“It’s as straightforward as this: If I can do this, anyone can,” explains James Corden, who returns to New York City’s Beacon Theatre on June 12 to host the 70th Annual Tony Awards, celebrating the best in Broadway theatre.
However, Corden—who took home the Best Actor in a Play Tony Award at the 2012 ceremony at the Beacon—still holds true to what he said in his acceptance speech. “There is no such thing as best,” he reiterates, “definitely not when it comes to acting. It just doesn’t exist, so I don’t, for one second, think, ‘I was the Best Actor on Broadway this year.’ I’m just very proud to have been recognized in some way.”
Now he’s paying it forward by taking the reins to recognize all of the artists who’ve graced the Great White Way this season.
“I consider the people who create the Tony Awards show the most talented people in the world,” he says, “It’s the best awards show on TV. It’s not just a succession of people receiving trophies. You’re really going to see a proper show. There’s real entertainment there, and to just be in the middle of it… It’s not lost on me what a privilege it is to do such a thing.”
Entertainment comes easy to Corden, who—since winning the Tony, Outer Critics Circle and Drama Desk awards for his comedic performance in One Man, Two Guvnors—has skyrocketed to celebrity status while keeping to his theatrical roots. He played the Baker in the smash-hit film adaptation of Into the Woods before succeeding Craig Ferguson as the host of CBS’s The Late Late Show and continues to keep America laughing alongside all of the stars he invites to his carpool karaoke, a bit that has become a viral phenomenon on social media.
But, the trajectory of his career in the theatre wasn’t always a fairy tale, and, once upon a time, Corden felt lost in the woods, fighting to get noticed.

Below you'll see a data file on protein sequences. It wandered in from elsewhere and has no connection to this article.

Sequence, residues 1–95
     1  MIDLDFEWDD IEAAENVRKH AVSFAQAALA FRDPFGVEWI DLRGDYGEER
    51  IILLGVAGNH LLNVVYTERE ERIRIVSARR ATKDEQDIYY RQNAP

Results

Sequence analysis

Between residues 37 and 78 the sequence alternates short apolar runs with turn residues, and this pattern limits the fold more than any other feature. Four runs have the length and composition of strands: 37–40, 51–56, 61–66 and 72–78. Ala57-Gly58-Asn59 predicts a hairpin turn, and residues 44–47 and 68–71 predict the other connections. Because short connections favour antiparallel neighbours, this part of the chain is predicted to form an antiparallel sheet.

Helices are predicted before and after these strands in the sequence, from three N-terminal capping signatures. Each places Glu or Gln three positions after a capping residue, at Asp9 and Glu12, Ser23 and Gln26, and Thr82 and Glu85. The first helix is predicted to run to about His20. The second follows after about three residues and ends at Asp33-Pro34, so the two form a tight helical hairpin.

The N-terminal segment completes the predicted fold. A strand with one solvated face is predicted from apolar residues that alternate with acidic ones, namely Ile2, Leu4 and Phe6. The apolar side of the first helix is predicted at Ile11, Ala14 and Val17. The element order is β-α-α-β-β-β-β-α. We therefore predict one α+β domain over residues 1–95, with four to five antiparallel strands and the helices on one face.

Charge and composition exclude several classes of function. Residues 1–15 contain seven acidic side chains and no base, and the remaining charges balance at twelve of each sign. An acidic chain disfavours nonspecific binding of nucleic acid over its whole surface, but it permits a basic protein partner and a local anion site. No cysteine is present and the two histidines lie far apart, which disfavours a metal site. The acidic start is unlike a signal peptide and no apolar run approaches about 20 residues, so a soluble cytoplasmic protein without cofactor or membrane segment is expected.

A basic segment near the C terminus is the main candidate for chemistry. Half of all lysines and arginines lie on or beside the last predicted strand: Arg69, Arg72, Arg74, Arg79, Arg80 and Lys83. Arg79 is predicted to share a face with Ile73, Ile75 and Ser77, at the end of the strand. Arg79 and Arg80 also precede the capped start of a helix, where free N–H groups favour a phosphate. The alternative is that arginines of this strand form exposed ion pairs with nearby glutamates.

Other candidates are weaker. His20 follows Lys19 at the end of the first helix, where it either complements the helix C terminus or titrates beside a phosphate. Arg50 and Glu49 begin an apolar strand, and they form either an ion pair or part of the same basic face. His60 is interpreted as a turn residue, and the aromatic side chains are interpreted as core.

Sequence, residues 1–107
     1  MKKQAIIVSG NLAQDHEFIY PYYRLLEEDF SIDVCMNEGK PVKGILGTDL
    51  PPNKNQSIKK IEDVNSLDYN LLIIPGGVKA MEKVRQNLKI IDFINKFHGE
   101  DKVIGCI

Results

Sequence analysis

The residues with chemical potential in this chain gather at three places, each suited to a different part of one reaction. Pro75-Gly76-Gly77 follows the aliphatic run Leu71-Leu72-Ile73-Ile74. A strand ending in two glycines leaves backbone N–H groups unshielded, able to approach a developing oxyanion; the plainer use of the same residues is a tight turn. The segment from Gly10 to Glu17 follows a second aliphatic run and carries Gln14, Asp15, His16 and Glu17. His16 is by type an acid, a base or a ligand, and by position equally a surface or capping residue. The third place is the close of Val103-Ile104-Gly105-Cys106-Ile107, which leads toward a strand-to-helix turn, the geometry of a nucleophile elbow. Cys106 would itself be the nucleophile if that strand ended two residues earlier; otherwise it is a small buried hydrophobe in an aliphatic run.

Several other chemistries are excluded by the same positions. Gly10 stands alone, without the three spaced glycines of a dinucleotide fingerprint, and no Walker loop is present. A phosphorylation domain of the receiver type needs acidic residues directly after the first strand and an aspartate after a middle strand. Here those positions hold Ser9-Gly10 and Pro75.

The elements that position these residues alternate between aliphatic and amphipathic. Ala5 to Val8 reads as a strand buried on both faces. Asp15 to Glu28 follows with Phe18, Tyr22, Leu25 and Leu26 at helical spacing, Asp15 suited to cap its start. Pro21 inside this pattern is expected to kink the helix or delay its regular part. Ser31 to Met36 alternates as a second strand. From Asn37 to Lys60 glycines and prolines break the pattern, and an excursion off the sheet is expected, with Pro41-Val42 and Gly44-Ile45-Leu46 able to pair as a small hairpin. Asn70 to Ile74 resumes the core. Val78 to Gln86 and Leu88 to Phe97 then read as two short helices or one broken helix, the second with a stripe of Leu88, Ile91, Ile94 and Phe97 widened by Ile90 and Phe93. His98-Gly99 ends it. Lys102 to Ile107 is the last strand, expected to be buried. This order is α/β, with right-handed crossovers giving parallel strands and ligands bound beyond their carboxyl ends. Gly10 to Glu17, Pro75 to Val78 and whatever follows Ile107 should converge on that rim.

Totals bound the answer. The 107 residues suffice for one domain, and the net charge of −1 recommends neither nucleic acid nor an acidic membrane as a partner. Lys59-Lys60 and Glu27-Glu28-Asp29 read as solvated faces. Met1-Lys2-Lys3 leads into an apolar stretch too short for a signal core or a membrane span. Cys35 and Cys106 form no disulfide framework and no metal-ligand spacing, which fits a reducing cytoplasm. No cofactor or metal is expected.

“It was during The History Boys, which sounds odd because the show was so successful,” Corden recalls. He made his Broadway debut in Alan Bennet’s Tony Award-winning Best Play of 2006. “We were in New York, and everyone under the sun was coming to see the show. A lot of the boys started getting real interest in movies. Dominic Cooper was coming in with reams of film scripts under his arm, and I would get two pages of a script for the guy who drops off a TV to Hugh Grant. Or I’d get asked to play a news agent, and that was only based on the way I looked. It felt like people were saying, ‘You’re good; we just don’t think you’re ever going to be the main event.’ That’s when I decided to start writing a sitcom for the BBC. Gavin & Stacey changed my life, really.”
Risk-taking has paved the road to Corden’s success, and he admires the chances being taken this season.
“It’s about going with your gut,” he says. Recalling The History Boys: “If you said, ‘We’re going to do a play about eight boys in the ‘80s being prepped and groomed to get into Oxford and Cambridge, and their teacher molests them on a bike, but he’s in no way a villain,’ you would go, ‘Right, yeah… This doesn’t sound like a Broadway hit to me,’ and yet there it is winning six Tonys, selling out every night. The truth is that the very best theatre comes from a place of, ‘Well, we think this will be good.’”
The Tony host is currently based in Los Angeles, where The Late Late Show films, but he’s made a point to travel back and forth to see as many shows as possible before Broadway’s big night.
The decision to take the gig hosting on CBS came at a crossroad of multiple projects. “I was going to write a TV show for HBO, and I was going to do a musical on Broadway,” he says, referring to a planned revival of A Funny Thing Happened on the Way to the Forum. “Then this late-night show came up pretty much out of the blue, and I thought, ‘Well, this is something that [won’t] come around again,’ and I would rather regret doing something than not doing something. But I would be very, very disappointed in myself if I didn’t do another play or a musical or just work in the theatre in some capacity again in my career.”
Corden says that if the possibility of Forum presented itself again, he would jump at the chance. (“It was a dream of mine to play that part,” he says.) For now, though, he’s excited to stand before the millions who tune in on June 12.
“I love the thought of a kid in their room who dreams of being in a musical the same I did, the same way Lin-Manuel Miranda did, the same way the whole cast of The Phantom of the Opera did—that this is a dream and something that you can’t shake and you won’t shake and is something that you say, ‘I don’t know what it is in me, but I have to do this,’” he says. “I hope that there’s a kid somewhere who one day is talking to you on the cusp of winning his first Tony Award and says, ‘I can remember sitting in my room in Nebraska and watching James Corden host the 70th Annual Tony Awards and thinking, ‘Oh, I’m going to do this one day.’ That’s the point. That’s what it’s all about.”
Michael Gioia is the Features Manager for Playbill.com.